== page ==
NBA Rankings: Breakdown of Every Aspect of the Top 5 Players Abilities

Bhemis ParksAnalyst IAugust 14, 2010

NBA Rankings: Breakdown of Every Aspect of the Top 5 Players Abilities

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    We all have our favorites in regards to who’s the best at doing what on a basketball court. It is a never ending situation that will never have a winner.

    Yet we all indulge in the act of passing our biased opinions off as facts. It really is a distasteful act that needs to stop.

    We all share one very important thing in common. That is the simple fact that we are fans of the NBA brand.

    Not one fan is greater than the next, we all have an equal voice, and all the money in the world can’t change that.

    As a fan, you need to understand that you rooting for a player doesn’t make him any greater than the guy that you’re rooting against.

    Your favorite’s abilities aren’t increased by how much more ignorant you can be than the next guy. What these players accomplish and don’t accomplish are solely in their control.

    We are nothing more than spectators to their athletic abilities. The sooner you realize that, the quicker we can all engage in healthy discussions of basketball.

    Now that we’ve gotten that out the way, let us get to the issue at hand.

    Instead of writing my own opinion on each player (something that’s been done more than enough), I decided to breakdown each aspect of the game of basketball and ranked each player accordingly to how I view them. You don’t have to agree, after all; it’s my opinion.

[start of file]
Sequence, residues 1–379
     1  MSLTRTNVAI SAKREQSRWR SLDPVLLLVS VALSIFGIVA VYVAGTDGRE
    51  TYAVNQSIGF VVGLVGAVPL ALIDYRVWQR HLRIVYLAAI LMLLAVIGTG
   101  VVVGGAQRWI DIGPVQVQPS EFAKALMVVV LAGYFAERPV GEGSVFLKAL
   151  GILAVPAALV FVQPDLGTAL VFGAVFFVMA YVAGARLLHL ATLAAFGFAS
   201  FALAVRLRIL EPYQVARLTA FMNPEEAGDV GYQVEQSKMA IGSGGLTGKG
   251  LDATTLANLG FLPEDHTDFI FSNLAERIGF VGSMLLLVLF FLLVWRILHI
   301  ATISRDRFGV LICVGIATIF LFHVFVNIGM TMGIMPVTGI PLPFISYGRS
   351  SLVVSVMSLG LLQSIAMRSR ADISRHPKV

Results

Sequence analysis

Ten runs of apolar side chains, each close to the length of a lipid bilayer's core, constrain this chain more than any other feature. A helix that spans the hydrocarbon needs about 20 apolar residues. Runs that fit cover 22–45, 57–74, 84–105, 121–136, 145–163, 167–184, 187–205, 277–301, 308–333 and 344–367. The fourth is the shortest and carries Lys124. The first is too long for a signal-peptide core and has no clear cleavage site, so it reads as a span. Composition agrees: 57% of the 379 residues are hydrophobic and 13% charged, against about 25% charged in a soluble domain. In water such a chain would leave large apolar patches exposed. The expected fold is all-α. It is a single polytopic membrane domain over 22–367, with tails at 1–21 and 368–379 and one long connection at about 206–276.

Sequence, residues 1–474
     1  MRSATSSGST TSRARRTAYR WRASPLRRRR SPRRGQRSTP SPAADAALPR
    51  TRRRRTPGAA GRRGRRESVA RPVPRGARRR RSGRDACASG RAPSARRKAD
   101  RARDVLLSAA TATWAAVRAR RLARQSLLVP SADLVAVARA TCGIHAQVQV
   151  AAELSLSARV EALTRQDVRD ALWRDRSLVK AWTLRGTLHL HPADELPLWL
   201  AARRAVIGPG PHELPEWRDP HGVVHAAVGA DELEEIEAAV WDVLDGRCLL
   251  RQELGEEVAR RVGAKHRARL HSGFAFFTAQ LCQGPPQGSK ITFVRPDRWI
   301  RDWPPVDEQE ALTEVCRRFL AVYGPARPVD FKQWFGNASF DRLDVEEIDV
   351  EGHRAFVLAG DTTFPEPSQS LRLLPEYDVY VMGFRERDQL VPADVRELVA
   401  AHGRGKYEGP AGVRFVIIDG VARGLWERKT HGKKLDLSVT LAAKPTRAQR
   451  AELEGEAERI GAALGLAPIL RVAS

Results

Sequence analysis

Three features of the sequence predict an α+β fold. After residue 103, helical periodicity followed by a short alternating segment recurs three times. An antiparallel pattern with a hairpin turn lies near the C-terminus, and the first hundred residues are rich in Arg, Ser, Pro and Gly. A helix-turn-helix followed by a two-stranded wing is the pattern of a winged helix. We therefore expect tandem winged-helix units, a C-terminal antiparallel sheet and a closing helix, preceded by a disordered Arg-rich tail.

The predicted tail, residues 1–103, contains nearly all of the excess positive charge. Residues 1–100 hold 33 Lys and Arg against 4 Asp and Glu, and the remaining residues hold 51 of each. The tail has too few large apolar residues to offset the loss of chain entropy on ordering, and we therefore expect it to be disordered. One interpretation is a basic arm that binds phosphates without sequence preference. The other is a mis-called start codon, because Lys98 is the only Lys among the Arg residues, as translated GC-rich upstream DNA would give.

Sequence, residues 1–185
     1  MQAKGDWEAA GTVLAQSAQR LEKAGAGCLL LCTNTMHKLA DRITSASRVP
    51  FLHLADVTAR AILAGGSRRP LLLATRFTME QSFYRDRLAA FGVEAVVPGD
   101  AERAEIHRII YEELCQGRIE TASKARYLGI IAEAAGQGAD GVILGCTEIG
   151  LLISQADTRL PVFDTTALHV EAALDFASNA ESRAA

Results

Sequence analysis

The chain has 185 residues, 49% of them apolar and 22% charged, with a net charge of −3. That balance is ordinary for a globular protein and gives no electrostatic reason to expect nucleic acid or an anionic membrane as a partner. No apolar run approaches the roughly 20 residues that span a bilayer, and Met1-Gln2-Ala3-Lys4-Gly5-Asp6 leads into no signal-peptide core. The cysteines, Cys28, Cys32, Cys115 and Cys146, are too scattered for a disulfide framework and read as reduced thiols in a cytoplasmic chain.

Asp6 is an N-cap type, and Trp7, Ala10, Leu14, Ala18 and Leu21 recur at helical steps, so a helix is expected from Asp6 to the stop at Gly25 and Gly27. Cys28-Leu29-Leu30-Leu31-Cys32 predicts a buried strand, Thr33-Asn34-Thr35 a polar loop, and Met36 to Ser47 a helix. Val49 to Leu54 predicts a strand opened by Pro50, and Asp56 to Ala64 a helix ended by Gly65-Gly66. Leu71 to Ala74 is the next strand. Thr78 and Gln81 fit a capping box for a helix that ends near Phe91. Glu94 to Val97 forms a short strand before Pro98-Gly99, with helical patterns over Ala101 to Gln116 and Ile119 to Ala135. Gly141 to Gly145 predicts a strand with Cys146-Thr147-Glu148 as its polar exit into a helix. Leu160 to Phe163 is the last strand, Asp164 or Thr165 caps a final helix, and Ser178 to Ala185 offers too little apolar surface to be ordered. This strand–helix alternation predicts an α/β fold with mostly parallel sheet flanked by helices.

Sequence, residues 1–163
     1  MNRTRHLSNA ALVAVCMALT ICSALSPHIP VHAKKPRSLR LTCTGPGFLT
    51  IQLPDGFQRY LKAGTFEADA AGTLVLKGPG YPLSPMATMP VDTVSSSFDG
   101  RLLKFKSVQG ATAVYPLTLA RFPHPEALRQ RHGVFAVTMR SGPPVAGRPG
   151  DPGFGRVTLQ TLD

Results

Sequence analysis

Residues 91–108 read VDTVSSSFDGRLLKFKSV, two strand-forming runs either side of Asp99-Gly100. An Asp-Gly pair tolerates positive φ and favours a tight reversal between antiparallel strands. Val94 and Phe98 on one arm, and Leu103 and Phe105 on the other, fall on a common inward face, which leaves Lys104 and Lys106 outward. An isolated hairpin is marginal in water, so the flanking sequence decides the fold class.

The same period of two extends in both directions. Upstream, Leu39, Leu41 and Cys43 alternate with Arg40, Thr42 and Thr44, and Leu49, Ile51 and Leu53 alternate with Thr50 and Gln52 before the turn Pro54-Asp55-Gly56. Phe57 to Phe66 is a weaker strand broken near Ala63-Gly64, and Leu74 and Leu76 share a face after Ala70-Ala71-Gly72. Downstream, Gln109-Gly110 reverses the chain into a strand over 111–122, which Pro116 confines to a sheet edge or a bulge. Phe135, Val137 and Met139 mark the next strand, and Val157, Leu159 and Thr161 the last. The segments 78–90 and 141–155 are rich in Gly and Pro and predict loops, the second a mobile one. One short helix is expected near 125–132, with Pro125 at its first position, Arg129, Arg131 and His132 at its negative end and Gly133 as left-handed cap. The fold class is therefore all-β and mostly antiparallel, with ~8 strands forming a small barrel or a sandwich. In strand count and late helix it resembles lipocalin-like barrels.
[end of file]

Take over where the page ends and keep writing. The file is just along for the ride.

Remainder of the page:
As far as the players involved in the ranking, I don’t expect many to agree with my selections. But again, it’s my opinion.

    The top five players in my estimate are as read: Chris Paul, Dwyane Wade, LeBron James, Carmelo Anthony and Kobe Bryant. The list is in no particular order…so spare me the rants, Kobe-homers.

    Kevin Durant, the NBA’s newest project of creating the “Best in the game,” does not make the cut because he isn’t better than the five players before hand.

    In order for him to climb the NBA ranking of top players, we would all have to admit that players like Deron Williams, Brandon Roy, Dwight Howard and Chris Bosh all decreased as players.

    That wouldn’t be a true statement. So I won’t sit here and tell a lie.

    What Durant should be classified is as a top scorer. The rest of his game has yet to reach the levels of the top five players I listed.

    This is not a ranking on potential. Nor is it a ranking on past accomplishments. It is a ranking of the here and now. It is based on what these players can do today if they had to lace them up.

    With that said, I hope you enjoy the article and I hope it broadens your view as a fan.

The Seven Aspects of Defense

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    In regards to defense, there are seven areas of focus in most coaches’ eyes. They read as followed: Individual-D, Team-D, Positioning between one's man and the basket, Rebounding, Shot-Blocking, Steals, and Awareness.

    Individual Defense: